The Coolest Jobs in Hawaii
What do you daydream about when you’re at work? Surfing? Shopping? What if you could do it for a living? This month, we found 11 lucky people who get paid to do what many would do for free.
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After more than 30 years of painting, Yvonne Cheng has become well known for her large paintings of Hawaiian women clad in traditional, colorful clothing. Her talent is in such demand that she’s able to make a steady living painting commissioned works, almost exclusively through word of mouth.
Cheng treats her art as a job, clocking into the cottage studio next to her Makiki house at midmorning and working until five every day. “A lot of people have this romantic view of art, that you have to have thunder and lightning to have inspiration, but to me, it’s not like that,” she says. “It’s not that I have to paint, but I do it.”
Her studio is no factory assembly line, however; Cheng says she still enjoys her artistic freedom and encountering new challenges. Over the decades, she’s moved through a few different mediums, working with batik, then abstract paper collages and finally settling on acrylics, but she’s remained fascinated with the same subject matter she began with in the ’70s. “I’ve always liked doing figures and faces, and I’m not bored of it yet,” she says. “I really do love what I’m doing.”
Jeff Pawloski spends his days by the pool, not watching screaming kids with foam noodles, but training one of nature’s most intelligent marine mammals, the dolphin. Pawloski is a dolphin trainer at Sea Life Park and works with 20 dolphins, including the famous wholphin.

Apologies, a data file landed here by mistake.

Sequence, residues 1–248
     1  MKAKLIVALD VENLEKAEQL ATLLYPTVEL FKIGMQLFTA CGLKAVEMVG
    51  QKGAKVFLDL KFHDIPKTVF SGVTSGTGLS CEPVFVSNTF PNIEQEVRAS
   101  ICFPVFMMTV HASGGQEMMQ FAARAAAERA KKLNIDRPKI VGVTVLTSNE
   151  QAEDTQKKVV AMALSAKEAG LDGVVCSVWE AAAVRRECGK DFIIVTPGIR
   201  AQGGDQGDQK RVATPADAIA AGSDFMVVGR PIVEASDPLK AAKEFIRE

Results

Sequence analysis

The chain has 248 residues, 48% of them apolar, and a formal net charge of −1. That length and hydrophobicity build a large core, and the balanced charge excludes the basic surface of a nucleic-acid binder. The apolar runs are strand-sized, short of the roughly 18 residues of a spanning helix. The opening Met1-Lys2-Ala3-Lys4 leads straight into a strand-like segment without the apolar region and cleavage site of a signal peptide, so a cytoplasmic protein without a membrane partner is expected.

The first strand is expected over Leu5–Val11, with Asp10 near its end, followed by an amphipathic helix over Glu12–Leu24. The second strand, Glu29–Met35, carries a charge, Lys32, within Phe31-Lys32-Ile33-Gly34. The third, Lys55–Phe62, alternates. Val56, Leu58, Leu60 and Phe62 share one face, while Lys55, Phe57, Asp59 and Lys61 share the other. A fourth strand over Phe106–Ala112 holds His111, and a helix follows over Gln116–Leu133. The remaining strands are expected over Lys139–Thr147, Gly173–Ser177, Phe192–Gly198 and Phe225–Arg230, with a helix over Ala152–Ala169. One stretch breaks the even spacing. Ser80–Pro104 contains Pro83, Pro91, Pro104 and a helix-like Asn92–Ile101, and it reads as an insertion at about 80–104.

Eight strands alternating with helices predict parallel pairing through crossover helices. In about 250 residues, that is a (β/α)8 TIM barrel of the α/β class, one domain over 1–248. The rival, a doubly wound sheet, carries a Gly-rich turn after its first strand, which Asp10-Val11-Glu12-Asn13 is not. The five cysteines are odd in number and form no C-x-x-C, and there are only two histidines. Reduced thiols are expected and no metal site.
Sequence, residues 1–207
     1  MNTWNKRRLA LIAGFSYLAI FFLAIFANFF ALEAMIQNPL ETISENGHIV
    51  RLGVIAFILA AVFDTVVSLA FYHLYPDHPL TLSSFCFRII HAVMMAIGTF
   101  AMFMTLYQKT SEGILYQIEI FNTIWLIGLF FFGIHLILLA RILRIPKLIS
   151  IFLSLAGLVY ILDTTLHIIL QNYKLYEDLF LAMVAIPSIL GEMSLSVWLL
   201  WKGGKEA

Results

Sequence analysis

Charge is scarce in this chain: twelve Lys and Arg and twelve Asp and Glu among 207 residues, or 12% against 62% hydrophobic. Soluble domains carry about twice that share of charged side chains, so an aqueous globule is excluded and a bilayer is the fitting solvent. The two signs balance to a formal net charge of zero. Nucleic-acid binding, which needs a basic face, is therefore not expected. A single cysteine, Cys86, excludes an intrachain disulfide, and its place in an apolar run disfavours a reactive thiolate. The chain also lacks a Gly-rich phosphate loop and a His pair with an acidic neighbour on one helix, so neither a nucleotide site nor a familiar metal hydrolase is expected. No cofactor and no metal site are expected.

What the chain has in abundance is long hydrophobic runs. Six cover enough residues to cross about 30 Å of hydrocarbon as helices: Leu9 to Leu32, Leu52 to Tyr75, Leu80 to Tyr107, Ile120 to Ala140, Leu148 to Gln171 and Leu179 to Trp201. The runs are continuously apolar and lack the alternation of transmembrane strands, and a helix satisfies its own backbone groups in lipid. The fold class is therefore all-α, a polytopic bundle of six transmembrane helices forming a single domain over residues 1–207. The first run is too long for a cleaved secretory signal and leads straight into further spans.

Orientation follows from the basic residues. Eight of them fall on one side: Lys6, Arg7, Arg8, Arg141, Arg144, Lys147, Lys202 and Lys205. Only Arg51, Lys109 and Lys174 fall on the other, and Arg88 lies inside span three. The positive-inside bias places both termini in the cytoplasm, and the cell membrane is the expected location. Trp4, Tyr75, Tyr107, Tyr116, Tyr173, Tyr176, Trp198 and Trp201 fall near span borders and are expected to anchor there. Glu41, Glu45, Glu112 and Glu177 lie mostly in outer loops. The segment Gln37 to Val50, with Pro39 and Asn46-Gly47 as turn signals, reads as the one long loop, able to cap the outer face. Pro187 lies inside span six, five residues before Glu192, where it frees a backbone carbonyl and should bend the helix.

Pawloski and his staff train the dolphins to jump, flip, wave and more for the Dolphin Cove show, as well as work with them during the dolphin swims for the public.
While most of Pawloski’s day is spent training the dolphins, his mornings consist of feeding the animals and conducting physical exams, checking their eyes, blowholes and tails. “We’re here to train, but we’re also here to take the best care of the animal.”
He starts to work the dolphins soon after they are born. In doing so, Pawloski gets to know their personalities and helps name them. “Every animal has its own unique personality. Some are more [social], some are more introverted and some have great patience while others don’t.” He says the dolphins even misbehave during shows. “There are moments just like in raising children where they can be very trying,” he laughs. “One thing you can’t have enough of in animal training is patience.”
While it’s hard work and long days spent caring for and training the dolphin, Pawloski says it’s a rewarding experience. “The bonds and relationships you develop with the animals are as meaningful as what you develop with people.”
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